Grooming your pet dog yourself can be a rewarding experience. Not only are you able to save tens of dollars on professional dog grooming fees, you are also able to strengthen your bond with your mutt. However, performing a thorough grooming of our pets can be daunting especially to the absolute first-timer. Not to worry, though, as we’ve come up with a list of the most common questions that many beginning DIY dog groomers have. Here are the 7 most common dog grooming questions explained to you in simple terms to make your pet grooming activities more successful.
- How can I make my pooch less anxious and more comfortable during grooming?
If you think you’re the only one who is anxious every time you have to bring your pooch to the bathtub for a much-needed rub down, think again. The entire experience can be especially traumatic to dogs particularly if you have not made any significant efforts to train or prepare Fido for the activity. For this, it is important to look at the reason for its anxiety.
Many dogs don’t like being touched or handled in certain parts of their body. Most of them are quite apprehensive whenever their eyes, muzzle, ears, tail, groin, and / or paws are held. The trick is for you to acclimatize your pet to the sensation of touch in these areas. You may have to identify first which body parts they are particularly sensitive to being touched, however. Once you’ve identified which body part is sensitive to them, you can then use this knowledge to customize a training program for them to associate being touched in these areas to something that is positive.
You may begin by touching an area just outside the sensitive region until such time that they have grown accustomed to being touched. You can then slowly proceed to touching the anxiety-provoking body part but do it gently and associate it with a key word. After the key word has been uttered, you can give your mutt a treat. Over time, your pet will associate the key word and the touch with the treat.
Some animal experts actually recommend playing with your dog about 30 minutes to an hour before grooming. The energy spent on playing would have already dissipated the negative vibes of anxiety, making your pet more relaxed.
- How can I manage my dog’s fur or at least keep it under control?
During grooming, you will be brushing, using dog hair clippers and combing your pet’s hair and it is inadvertent that some of these will find their way into your carpet, sofa, clothing, and other household items including your furniture. Instead of sweeping, dusting, and / or vacuuming these surfaces, it usually is a lot better to simply do the brushing or combing outside your house. Or, if you can dedicate a small room in your house that will serve as your grooming den, then you can at least isolate these hair balls from ever getting into the rest of your house. If you have to do it in a communal area of the house, then check out this guide on the best vacuums for dog’s hair.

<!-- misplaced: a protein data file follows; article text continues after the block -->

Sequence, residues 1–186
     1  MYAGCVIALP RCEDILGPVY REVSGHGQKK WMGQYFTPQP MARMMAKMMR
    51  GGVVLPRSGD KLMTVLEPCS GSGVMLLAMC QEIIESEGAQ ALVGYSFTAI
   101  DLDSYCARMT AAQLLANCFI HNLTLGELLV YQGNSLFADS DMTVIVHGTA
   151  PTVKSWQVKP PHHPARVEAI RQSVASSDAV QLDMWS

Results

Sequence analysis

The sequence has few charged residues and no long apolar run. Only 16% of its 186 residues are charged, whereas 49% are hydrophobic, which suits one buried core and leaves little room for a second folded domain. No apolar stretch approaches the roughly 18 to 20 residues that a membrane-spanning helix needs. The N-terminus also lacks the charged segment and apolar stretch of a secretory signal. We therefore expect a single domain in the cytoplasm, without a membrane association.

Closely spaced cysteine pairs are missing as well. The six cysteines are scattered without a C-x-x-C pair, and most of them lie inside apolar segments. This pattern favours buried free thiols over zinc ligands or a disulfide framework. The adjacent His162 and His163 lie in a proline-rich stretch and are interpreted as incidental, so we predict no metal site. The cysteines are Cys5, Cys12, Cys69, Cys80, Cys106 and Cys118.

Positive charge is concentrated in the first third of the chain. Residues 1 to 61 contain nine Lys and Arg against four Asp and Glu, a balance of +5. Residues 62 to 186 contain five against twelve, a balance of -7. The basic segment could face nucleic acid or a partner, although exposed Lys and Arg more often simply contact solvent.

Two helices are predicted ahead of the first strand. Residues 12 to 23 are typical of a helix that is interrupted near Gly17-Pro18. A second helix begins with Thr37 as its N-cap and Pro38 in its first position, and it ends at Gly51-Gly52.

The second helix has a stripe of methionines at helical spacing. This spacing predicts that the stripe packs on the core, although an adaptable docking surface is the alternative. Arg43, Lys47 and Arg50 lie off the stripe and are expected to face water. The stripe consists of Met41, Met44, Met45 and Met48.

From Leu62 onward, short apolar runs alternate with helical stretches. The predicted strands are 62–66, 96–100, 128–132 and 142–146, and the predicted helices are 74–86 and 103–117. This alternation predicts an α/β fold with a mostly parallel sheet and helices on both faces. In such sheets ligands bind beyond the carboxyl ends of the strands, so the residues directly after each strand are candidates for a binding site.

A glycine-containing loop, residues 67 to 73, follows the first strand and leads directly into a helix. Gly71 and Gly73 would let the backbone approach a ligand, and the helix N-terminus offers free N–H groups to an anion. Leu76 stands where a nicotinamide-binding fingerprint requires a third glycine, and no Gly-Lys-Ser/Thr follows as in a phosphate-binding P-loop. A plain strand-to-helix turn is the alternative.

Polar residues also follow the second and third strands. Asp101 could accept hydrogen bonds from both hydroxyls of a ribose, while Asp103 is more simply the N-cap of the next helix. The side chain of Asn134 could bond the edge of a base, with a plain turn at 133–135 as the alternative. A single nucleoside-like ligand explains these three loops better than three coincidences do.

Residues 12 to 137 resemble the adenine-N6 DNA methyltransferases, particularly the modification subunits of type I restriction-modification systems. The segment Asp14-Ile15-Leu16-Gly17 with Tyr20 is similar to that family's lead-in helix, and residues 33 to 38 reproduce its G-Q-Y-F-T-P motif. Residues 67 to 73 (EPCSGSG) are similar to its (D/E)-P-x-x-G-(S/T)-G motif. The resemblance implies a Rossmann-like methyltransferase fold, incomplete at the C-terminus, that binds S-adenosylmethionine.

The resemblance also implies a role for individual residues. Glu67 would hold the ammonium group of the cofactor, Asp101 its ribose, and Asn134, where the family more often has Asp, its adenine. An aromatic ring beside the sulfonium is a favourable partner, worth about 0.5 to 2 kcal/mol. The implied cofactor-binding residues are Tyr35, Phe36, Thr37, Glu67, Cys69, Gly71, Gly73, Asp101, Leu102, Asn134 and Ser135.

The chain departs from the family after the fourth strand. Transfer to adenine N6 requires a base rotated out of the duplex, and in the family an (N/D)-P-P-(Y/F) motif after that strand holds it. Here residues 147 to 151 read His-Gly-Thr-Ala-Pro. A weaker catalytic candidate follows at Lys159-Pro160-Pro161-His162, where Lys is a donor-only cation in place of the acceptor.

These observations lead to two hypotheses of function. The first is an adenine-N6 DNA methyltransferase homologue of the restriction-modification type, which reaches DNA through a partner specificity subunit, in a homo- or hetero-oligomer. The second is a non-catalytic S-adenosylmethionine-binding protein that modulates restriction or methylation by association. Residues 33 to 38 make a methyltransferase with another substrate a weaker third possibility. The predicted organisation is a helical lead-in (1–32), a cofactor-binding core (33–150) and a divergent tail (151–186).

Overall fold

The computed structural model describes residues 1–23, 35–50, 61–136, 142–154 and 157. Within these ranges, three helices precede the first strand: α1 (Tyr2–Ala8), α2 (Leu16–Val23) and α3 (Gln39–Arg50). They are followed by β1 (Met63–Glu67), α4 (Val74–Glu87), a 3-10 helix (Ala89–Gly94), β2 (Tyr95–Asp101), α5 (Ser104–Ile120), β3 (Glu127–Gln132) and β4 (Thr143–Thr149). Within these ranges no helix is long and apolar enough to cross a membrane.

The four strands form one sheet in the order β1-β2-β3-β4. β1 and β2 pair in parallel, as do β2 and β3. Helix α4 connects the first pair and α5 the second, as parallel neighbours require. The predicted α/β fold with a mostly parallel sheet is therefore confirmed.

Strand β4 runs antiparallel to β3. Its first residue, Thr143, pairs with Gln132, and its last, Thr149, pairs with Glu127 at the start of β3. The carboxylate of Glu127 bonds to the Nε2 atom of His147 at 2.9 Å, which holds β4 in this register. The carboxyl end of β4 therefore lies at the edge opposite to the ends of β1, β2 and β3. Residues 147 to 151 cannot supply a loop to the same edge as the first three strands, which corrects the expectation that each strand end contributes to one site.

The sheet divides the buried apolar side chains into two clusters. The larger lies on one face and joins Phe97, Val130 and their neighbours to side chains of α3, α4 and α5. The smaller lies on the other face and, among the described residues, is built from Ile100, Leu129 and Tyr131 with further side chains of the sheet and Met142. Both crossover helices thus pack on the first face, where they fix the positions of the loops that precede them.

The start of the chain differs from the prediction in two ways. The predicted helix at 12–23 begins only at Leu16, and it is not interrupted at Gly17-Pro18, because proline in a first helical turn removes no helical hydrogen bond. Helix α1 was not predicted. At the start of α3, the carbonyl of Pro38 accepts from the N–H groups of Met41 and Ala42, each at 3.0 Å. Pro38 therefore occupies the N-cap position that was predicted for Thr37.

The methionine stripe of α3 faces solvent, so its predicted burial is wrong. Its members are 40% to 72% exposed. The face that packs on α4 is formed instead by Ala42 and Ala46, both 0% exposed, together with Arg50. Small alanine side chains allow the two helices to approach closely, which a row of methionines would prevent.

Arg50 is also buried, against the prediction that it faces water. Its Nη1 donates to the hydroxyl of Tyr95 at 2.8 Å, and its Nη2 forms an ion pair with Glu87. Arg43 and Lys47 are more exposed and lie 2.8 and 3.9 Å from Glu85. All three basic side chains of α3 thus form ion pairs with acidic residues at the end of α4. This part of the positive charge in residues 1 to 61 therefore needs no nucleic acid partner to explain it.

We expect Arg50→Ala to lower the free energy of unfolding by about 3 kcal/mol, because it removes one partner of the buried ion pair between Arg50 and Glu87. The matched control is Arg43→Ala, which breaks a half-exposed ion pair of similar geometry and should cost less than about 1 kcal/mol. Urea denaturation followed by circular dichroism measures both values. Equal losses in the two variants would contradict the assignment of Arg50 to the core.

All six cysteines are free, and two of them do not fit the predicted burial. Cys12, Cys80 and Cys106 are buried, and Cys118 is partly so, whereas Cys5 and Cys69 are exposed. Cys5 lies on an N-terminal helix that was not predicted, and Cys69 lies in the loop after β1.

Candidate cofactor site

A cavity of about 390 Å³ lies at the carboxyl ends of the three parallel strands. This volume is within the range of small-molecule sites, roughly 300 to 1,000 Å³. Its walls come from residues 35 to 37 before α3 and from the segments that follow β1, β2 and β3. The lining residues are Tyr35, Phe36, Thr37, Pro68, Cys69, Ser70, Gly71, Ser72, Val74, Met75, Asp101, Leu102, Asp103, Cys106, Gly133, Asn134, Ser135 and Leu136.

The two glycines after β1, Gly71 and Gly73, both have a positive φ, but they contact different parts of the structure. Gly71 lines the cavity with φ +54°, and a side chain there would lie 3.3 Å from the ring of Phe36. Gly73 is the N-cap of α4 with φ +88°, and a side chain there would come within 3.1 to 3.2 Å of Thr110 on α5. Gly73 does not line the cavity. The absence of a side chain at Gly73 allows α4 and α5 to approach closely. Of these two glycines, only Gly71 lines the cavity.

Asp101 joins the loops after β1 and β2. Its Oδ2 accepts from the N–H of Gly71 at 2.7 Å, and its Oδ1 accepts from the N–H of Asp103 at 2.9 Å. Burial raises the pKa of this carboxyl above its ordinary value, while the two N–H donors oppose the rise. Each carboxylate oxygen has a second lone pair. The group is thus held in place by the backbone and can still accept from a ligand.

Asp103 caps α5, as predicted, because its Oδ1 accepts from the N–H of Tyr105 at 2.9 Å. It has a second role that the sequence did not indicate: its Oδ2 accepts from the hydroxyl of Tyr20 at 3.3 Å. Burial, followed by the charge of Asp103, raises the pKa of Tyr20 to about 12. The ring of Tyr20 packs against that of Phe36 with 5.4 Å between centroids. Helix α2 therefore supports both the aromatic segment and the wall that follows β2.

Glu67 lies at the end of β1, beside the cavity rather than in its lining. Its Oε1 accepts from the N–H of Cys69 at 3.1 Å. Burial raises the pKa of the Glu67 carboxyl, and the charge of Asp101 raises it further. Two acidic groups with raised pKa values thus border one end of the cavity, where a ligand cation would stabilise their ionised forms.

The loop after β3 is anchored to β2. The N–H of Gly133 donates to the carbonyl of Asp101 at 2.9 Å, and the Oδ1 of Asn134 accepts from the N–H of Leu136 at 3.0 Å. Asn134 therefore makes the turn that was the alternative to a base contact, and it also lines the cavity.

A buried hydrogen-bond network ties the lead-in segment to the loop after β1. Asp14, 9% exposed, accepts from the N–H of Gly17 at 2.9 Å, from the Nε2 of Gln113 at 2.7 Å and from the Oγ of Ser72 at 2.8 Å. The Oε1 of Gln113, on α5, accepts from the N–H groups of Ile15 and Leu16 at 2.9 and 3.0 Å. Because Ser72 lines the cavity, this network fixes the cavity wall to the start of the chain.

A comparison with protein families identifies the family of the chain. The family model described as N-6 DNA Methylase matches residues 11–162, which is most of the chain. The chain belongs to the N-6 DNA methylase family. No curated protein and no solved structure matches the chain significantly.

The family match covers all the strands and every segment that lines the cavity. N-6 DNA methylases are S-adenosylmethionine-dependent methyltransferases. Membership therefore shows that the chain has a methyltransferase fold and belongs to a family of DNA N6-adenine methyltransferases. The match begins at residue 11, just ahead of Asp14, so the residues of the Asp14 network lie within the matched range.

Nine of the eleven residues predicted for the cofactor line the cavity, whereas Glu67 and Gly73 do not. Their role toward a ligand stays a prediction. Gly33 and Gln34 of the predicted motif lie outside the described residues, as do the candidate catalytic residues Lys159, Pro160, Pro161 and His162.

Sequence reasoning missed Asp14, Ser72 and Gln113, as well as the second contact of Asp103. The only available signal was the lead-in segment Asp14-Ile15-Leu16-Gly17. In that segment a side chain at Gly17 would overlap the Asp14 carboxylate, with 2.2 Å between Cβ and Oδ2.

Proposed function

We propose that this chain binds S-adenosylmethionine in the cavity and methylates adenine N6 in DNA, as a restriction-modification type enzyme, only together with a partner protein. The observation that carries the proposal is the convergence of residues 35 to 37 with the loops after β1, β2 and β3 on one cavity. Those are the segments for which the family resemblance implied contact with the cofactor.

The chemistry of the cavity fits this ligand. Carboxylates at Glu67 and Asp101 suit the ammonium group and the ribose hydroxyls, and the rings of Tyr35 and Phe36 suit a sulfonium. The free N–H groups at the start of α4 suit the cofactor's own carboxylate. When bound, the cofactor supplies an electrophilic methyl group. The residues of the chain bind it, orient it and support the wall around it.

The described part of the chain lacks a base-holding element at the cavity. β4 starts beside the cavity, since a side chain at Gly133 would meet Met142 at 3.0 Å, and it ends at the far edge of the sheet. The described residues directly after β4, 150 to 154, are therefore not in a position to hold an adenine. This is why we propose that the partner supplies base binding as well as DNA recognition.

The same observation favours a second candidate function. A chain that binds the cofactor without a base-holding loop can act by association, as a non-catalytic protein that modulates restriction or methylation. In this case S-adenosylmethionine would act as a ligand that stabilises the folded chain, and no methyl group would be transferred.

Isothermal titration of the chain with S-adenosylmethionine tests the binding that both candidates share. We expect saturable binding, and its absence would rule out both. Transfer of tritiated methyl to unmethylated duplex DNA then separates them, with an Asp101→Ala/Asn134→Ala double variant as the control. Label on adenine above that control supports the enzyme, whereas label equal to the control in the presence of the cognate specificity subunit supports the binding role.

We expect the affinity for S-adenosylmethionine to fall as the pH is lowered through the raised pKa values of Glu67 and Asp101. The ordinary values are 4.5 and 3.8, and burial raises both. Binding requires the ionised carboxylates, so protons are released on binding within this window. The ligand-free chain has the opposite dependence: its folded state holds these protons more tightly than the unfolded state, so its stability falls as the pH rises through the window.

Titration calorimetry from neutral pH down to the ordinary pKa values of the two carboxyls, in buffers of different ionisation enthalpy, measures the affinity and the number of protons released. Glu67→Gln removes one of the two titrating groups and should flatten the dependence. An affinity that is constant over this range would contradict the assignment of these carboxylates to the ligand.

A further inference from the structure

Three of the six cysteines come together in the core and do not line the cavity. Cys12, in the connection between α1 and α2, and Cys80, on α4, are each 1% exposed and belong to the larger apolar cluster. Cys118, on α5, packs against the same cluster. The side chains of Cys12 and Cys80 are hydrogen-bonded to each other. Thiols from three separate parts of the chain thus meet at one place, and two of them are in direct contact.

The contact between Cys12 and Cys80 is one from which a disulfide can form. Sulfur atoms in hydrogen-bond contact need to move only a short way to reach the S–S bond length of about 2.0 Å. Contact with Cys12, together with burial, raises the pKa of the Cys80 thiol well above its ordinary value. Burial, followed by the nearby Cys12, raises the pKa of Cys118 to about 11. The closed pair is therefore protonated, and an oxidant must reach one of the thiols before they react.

You may also want to use washable slip-on covers for your pieces of furniture. At least, if these items do get covered with pet hair, you can easily slip them off and throw them right in your washing machine. You can then replace these with new ones. As for your carpets and floor, you may want to place throw rugs instead. The trick is to place these in strategic locations so they get as much of the stray pet hair in your home. Machine-washable throw rugs especially those with non-skid backing can be very handy.
Some pet owners actually dress their furry pals in cute and adorable pet clothes. These help keep the hairs from falling off on surfaces. These pet clothing are worn in between grooming sessions.
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- Do I really have to brush the coat of my long-haired pet?
Unfortunately, the short answer is “yes”. It may seem like a chore but there are many benefits to brushing your mutt’s long coat. First of all, frequent brushing helps prevent hair from getting tangled and mats from developing. Mats can be nasty as this clump of hairs can pull on the skin of your pet which inadvertently constricts the various tissues underneath. This can lead to a reduction in the overall blood flow to these tissues, possibly depriving them of invaluable oxygen and nutrients. You don’t have to brush the coat of your long-haired mutt on a daily basis, though. Doing it every other day should suffice.